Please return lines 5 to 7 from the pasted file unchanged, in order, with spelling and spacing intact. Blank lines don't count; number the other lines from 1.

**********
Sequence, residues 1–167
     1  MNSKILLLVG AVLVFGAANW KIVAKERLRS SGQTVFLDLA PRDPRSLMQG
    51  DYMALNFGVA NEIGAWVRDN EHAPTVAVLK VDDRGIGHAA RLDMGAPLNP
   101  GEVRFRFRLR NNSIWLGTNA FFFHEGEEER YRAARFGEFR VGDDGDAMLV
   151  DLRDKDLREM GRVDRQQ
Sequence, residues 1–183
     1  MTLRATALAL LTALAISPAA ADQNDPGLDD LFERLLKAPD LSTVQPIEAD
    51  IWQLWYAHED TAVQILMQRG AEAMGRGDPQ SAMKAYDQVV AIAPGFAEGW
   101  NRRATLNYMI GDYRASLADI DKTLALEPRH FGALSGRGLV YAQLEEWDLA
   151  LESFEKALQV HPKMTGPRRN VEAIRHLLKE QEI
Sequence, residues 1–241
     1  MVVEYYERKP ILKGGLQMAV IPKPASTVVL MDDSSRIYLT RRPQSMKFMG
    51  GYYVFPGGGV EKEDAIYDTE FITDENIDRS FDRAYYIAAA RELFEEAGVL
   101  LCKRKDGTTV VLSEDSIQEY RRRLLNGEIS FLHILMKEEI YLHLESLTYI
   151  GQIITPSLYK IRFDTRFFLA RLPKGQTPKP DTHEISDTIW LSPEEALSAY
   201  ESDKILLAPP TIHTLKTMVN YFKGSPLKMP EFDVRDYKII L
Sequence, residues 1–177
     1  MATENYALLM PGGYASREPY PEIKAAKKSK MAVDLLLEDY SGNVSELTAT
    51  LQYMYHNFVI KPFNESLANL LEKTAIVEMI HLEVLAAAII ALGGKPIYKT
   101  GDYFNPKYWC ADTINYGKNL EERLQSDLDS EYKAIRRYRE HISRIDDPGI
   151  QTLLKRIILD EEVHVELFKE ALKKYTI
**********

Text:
   151  DLRDKDLREM GRVDRQQ
Sequence, residues 1–183
     1  MTLRATALAL LTALAISPAA ADQNDPGLDD LFERLLKAPD LSTVQPIEAD